It is very hot here and we have access to hot and cold running water at Mercy Air but 15km away people are protesting because so many of them have an inadequate water supply. Who can blame them for protesting?
Rose

Friday, 10 February 2012

The Gardener


 7 Feb 2012.... Rose writing...

Today I began to see how difficult it is to try to help someone out of poverty.
A friend who lives here recently had a brief conversation with a car park attendant. It is customary here to pay the car park attendant a small amount of money to keep an eye on your car while you are away. He asked her if she had any work for him in her garden. He told her that he was not able to earn enough to feed his wife and two children and needed work. She felt she needed to seriously consider employing him. In deciding to do this she was taking a risk. He was a complete stranger and his story might be false. She risked giving him the opportunity to steal from her home.
She had a number of telephone calls with him and then today she met him at a nearby traffic junction and brought him home to see the garden. She had agreed to take him on for a trial period for one day a week.
I saw him arrive and felt for him so much. He had dressed smartly and carried a small bag containing work clothes and a phone.
He was extremely polite and listened carefully to the instructions. He changed into his work clothes and then worked hard all day pruning and weeding.
He told us that his wife had gone back to her family in Bushbuck Ridge with their two children because he was no longer able to feed them in their family home in Masoyi. He returned to Bush Buck Ridge (about 2 hours drive) each weekend with any money he had earned to feed his family.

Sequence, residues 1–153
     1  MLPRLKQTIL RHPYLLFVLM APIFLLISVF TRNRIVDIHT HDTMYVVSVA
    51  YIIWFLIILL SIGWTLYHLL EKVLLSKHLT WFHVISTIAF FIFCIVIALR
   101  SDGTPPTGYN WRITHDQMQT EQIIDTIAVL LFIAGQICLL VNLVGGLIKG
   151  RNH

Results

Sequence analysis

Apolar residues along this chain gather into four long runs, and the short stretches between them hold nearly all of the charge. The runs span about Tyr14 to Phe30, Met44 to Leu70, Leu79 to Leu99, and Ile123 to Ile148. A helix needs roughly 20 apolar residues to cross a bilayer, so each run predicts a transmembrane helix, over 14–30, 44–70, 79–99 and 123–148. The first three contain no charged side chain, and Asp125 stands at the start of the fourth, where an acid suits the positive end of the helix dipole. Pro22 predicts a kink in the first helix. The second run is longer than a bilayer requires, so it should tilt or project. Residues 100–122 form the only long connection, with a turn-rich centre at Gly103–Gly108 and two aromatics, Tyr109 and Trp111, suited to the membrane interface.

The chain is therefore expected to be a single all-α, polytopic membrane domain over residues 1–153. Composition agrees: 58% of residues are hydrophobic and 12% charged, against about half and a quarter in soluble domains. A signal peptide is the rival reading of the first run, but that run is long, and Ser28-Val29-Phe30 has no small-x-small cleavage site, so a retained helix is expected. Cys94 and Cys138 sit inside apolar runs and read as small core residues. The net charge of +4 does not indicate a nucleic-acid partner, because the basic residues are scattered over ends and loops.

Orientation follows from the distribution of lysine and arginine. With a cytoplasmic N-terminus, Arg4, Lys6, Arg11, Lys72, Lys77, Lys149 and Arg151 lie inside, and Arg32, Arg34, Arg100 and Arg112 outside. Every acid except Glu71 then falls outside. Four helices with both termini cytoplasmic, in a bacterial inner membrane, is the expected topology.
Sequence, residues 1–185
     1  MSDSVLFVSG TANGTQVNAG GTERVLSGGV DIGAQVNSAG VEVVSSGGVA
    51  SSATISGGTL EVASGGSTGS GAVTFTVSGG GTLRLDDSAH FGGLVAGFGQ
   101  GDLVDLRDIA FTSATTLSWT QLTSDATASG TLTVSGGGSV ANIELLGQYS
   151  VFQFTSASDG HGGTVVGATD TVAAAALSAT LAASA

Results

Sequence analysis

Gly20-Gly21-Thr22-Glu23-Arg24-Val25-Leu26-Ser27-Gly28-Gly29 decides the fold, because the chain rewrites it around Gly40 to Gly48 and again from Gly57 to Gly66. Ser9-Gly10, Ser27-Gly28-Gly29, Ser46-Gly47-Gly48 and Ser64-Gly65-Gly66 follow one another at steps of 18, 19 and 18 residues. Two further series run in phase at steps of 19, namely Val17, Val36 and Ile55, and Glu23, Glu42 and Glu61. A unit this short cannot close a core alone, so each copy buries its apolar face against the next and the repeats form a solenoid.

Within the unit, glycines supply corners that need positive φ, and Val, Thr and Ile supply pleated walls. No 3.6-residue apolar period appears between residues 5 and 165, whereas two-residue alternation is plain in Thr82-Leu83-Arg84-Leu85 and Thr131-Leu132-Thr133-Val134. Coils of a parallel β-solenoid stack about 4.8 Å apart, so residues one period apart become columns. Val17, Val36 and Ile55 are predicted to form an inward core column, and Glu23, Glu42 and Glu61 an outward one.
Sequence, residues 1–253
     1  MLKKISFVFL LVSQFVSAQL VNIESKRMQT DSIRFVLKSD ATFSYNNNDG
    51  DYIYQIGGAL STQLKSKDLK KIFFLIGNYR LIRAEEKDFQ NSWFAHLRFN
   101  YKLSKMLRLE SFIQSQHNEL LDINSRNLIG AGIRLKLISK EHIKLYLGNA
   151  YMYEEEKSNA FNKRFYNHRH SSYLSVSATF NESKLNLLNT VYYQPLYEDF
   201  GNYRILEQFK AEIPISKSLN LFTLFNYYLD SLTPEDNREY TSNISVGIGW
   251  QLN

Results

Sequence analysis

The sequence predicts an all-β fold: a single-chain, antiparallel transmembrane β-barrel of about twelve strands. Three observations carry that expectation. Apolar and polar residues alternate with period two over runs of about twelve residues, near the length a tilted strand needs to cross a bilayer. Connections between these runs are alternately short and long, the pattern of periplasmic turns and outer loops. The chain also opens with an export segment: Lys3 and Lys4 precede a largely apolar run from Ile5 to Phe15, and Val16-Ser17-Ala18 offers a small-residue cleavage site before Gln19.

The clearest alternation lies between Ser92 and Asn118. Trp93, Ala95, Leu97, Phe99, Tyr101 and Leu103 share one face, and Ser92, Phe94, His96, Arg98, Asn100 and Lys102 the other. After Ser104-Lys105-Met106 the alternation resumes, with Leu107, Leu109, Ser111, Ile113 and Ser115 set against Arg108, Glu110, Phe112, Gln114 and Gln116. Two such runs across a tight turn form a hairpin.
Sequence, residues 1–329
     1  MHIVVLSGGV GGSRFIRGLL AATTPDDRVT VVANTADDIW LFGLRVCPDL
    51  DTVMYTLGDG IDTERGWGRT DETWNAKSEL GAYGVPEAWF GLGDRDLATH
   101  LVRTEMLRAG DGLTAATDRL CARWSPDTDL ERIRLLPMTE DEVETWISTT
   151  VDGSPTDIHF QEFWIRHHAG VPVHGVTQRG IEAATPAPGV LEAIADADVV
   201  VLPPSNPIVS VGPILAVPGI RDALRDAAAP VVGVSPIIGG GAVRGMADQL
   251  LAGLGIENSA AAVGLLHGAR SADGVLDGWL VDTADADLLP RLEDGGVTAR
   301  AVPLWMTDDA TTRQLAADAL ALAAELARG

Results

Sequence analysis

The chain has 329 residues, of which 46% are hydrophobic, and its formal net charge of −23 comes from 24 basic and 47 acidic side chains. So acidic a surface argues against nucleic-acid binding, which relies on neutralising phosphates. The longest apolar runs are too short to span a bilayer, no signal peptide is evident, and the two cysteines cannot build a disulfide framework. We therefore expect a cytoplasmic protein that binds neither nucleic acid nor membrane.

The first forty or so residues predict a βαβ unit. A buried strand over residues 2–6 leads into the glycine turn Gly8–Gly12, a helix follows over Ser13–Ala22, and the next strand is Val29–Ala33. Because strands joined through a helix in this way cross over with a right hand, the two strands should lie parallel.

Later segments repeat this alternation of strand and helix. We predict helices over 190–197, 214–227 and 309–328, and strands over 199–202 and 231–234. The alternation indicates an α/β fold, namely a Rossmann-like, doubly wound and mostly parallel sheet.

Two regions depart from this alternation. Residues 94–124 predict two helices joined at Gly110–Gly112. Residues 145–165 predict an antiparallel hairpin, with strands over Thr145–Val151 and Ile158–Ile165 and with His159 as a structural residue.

At one point he seemed to feel unwell and my friend soon realised he had shingles. She encouraged him to go to the clinic later this week to get help.

This situation made me realise that my friend’s responsibility did not end once she had paid him for the day’s work, she also needed to help him with his medical needs and he was happy to accept this help.
She had taken a risk but he seemed trustworthy. He is desperate to do a good job and put her in touch with someone who would give a good reference and showed her his ID.
My friend has shown compassion and has made herself vulnerable. She has reached out to a stranger and has decided to trust him. She will need to continue to be wise as she gets to know him. He too has taken his responsibility as a father seriously. He could so easily have cut off all contact with his family and turned to stealing to feed himself. I hope this agreement works out for them both and that he can begin to rebuild his family life.
Rose 7.2.12

Tuesday, 7 February 2012

Our last few days at Hands


When we arrived back at Hands Village after our few days at Hluvukani, we were able to enjoy a few days’ rest. Richard went immediately on to Klerksdorp but Andrew, Sam and I stayed at the Village to rest.
Hands Village is made up of about a dozen or so small one story houses. Long term volunteers live in these houses. Short term visitors like us stay in four bedded rooms with shared male and female toilet and shower blocks. We share a kitchen and dining room which is also used as a meeting room. We are allocated cupboard and fridge space for food.
There are not many short term volunteers here at the moment so our part of the site seems really quiet. More visitors are arriving soon and I believe the rooms and the farm (Sanderson House) are fully booked later on in the year.
Even though we would only be staying at Hands for a matter of days, we were included in the invitation to a barbeque (braai) to celebrate a birthday party on Saturday.
We joined the other long term staff at a small lake a short drive from Hands. The sun was hot so we stayed in the shade eating and talking while the boys fished in the lake.
The conversation was very interesting because the Hands volunteers come from all over the world and so inevitably conversation turns to the differences between the cultures and the words used for things.